ACI Europe has released a statement warning of potential consequences if the US electronics ban is extended to Europe.
The European Commission is set to meet with the US Department of Homeland Security (DHS) this week to discuss the matter, after EU commissioners Violeta Bulc and Dimitris Avramopoulos sent a letter to the country calling for a common approach and contact.
ACI Europe claims media coverage has revealed a “lack of meaningful security cooperation between the EU and the USA”.
The Council is issuing a warning about the highly disruptive and far-reaching consequences that a ban on the carriage of personal electronic devices (PED) aboard US bound flights from European airports would have. Currently, 59 airports in the European Common Aviation Area have direct services to the USA.
Olivier Jankovec, director general of ACI Europe, said, “All in all, if the ban was to go ahead, it would hit the continent’s busiest airports hardest, where a significant portion of US-bound flights would need to be canceled at short notice. For the flights that could still operate there would be delays, which would compromise onward connections in the USA.
“Beyond the immediate operational impact, we are concerned about the consequences that such a ban would have on demand for transatlantic air travel – and ultimately connectivity between Europe and the USA.
“The fact that one of the affected Gulf airlines has downsized its operations in the USA is indeed worrying – and points to a wider and lasting economic impact.”
ACI Europe is calling on the USA and EU to share between themselves all information in their possession, to jointly review the threat that led to the initial US ban, and carefully consider whether any additional security measures are needed for US-bound flights departing from European airports.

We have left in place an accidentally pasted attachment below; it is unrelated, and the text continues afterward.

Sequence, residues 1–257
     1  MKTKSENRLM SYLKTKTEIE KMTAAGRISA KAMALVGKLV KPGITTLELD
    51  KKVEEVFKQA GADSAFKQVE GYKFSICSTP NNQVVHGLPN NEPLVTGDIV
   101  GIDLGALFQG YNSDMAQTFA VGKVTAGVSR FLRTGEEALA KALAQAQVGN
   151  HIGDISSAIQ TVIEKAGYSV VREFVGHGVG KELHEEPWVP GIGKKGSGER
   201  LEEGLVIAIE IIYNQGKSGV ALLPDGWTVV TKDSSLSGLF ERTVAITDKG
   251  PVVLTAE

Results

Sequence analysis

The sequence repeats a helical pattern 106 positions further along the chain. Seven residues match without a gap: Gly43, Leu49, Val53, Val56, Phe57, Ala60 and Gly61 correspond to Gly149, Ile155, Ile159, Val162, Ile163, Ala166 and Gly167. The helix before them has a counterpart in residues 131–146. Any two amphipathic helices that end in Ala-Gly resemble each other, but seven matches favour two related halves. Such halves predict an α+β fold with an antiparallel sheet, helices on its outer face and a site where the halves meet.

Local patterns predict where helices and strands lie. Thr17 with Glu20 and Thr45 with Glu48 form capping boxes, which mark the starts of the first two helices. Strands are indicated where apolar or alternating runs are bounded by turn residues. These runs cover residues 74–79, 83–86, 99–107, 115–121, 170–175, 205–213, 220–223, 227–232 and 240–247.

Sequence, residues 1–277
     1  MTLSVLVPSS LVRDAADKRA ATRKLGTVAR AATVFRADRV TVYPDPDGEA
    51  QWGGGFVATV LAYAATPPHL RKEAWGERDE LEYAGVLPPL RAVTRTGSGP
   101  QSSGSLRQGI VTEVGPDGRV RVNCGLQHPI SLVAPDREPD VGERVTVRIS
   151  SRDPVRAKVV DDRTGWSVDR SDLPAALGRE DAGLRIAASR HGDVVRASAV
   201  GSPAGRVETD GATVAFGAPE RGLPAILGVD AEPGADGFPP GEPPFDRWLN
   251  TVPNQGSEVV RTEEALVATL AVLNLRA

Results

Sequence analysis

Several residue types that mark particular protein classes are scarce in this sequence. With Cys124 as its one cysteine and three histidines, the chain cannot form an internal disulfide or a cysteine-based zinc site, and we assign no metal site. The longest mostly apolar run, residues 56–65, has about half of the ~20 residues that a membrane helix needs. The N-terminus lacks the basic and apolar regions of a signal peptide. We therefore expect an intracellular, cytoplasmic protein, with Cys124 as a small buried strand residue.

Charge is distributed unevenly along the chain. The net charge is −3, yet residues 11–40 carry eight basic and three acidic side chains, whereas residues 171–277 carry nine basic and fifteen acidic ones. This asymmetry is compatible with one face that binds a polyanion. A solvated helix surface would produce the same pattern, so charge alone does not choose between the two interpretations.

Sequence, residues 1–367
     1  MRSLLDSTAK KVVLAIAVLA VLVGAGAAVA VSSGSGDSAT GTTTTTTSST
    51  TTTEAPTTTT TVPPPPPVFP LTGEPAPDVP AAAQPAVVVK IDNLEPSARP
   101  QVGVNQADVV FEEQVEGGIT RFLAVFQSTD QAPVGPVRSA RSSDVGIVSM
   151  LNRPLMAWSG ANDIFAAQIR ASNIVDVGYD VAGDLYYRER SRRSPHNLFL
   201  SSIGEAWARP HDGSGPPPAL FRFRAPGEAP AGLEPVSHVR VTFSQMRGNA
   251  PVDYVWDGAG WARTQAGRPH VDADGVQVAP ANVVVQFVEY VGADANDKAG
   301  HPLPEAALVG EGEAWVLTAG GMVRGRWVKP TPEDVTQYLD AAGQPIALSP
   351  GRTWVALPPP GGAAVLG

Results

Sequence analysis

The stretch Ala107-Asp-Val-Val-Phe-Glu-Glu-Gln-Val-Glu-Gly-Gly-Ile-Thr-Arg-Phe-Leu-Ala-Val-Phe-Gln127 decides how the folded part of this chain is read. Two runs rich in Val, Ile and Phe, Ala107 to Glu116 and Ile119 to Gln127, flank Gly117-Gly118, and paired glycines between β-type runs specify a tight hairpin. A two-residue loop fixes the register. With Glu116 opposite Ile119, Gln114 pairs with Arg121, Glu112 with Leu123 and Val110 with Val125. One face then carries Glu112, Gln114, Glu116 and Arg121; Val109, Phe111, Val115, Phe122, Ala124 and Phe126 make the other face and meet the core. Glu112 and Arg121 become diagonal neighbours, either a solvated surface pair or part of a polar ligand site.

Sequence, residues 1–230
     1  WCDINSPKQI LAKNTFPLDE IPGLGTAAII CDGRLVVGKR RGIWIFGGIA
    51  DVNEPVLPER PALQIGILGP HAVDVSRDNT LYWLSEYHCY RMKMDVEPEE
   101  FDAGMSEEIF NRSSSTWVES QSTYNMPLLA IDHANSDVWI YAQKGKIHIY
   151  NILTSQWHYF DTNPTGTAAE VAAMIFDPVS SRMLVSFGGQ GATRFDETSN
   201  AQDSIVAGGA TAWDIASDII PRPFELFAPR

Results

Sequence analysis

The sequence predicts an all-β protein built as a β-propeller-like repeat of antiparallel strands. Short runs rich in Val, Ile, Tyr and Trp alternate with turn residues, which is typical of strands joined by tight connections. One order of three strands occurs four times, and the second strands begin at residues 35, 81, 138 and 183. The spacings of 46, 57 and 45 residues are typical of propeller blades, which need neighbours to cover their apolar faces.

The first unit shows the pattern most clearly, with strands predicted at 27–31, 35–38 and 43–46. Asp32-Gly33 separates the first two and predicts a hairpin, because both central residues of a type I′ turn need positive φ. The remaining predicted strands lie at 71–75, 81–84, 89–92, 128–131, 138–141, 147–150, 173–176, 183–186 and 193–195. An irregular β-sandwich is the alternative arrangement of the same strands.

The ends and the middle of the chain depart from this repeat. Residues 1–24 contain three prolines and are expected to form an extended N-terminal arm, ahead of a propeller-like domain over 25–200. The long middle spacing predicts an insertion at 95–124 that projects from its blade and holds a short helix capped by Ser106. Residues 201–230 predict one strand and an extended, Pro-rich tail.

The Council believes, should any such measures be considered, these should be purely risk-based, which means that they need to be credible, proportionate and effective to address whatever threat they are supposed to address.
Given the volumes involved, extending the current US ban to European airports would result in significant disruptions, with implications on various aspects of airport and airline operations.
Among these would be random screening checks at the gate of each flight, as well as the implementation of related processes to load PEDs into the hold of aircraft. This would require the deployment of a very large number of additional security staff.
The five airports with the largest number of US weekly flights are London Heathrow with 761 flights, Paris-Charles de Gaulle at 353 flights, Frankfurt with 291 flights, Amsterdam-Schiphol at 242 flights, and Dublin with 179 flights. Together, these airports account for nearly 50% of the weekly flights to the USA.